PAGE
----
There is a common method for finding ways for self and world to come together which exceeds the limits of academic inquiry. We need to scale the world down and scale the self up so that they can meet somewhere with the prospect of making a meaningful connection between them. The classic means to this end is prayer. Religion is, among many other things, an attempt to maintain a binding link between something deeply personal and subjective inside each of us and the impersonal world out there that we inhabit. I can talk to God, privately or collectively in public. Marcel Mauss made prayer the topic of his unfinished PhD thesis because “speech is the unity of thought and action”. Many people in our world still bridge the gap this way.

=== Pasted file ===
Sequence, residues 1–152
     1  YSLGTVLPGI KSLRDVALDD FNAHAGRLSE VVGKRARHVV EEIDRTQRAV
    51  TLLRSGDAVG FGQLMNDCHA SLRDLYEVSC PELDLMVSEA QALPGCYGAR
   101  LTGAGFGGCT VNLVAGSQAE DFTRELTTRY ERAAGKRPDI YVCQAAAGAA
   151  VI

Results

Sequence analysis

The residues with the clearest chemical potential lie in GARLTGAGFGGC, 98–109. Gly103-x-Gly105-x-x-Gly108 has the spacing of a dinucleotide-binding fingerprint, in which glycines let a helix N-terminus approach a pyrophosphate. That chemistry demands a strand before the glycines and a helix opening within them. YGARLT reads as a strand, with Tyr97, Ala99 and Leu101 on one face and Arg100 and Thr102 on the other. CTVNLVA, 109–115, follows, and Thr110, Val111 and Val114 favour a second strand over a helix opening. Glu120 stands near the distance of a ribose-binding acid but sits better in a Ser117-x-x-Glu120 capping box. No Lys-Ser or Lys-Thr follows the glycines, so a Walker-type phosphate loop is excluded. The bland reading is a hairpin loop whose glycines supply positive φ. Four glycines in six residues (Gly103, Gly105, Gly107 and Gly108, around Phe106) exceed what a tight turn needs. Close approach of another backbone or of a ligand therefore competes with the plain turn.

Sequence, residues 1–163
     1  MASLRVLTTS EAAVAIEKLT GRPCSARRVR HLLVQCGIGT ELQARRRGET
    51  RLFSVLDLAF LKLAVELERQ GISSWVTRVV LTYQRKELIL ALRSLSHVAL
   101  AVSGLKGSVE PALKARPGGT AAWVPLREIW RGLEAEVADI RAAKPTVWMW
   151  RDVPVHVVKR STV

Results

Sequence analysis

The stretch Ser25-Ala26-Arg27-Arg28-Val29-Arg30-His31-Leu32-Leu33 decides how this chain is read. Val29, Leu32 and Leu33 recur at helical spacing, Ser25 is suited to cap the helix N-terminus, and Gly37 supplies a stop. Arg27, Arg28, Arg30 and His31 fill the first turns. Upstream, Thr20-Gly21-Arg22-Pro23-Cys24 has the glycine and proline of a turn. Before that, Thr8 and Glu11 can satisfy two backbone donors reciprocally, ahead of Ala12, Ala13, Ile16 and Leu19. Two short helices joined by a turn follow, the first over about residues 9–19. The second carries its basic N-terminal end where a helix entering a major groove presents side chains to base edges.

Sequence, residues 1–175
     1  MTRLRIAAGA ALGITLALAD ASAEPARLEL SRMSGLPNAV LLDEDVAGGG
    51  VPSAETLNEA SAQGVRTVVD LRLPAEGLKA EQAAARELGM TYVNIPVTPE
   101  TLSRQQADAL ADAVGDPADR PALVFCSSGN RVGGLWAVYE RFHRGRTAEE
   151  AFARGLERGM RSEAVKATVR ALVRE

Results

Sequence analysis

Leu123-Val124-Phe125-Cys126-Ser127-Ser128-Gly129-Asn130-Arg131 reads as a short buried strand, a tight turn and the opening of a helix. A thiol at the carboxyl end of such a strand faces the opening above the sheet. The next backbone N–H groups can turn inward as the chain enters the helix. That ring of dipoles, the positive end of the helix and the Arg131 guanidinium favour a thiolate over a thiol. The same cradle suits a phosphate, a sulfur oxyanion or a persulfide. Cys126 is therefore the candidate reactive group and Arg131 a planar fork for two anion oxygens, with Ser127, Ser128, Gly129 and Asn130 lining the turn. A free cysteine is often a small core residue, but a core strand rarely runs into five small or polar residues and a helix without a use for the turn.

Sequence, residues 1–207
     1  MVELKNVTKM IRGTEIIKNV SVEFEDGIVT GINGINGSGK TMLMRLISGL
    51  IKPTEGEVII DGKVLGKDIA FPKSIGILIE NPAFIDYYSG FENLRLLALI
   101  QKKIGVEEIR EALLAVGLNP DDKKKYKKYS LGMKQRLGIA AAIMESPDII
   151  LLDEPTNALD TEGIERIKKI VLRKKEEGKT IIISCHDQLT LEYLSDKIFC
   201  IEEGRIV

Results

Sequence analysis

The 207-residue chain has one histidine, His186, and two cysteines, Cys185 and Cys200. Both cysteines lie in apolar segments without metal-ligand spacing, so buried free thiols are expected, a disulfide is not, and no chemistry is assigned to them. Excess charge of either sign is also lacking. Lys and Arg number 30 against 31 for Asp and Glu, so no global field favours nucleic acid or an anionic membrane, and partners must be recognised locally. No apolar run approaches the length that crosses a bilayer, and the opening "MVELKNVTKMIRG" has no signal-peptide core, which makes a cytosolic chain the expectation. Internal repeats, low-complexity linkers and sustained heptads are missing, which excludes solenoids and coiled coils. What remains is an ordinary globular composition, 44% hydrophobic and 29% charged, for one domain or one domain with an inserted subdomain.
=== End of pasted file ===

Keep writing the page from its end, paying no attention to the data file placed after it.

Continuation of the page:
The main way that we have attempted to reconfigure our relationship to the world in the first two centuries of industrialization is through the consumption of fiction: novels, plays, movies. Here the world is reduced in scale to a stage, paperback or screen, allowing individual members of the audience to enter it on any subjective terms they wish. Who would you identify with — Pierre or Andre? Sophocles, Shakespeare and Goethe stand out as preeminent social thinkers because their medium bridged the gap between human personality and an impersonal world more effectively than others. But the modern novelists and movie makers are not far behind.


Global communications are in transition between the age of the mass media and the possibilities for expressing ideas through the new media afforded by the Internet and mobile phones. At last we have universal media adequate to the expression of universal ideas.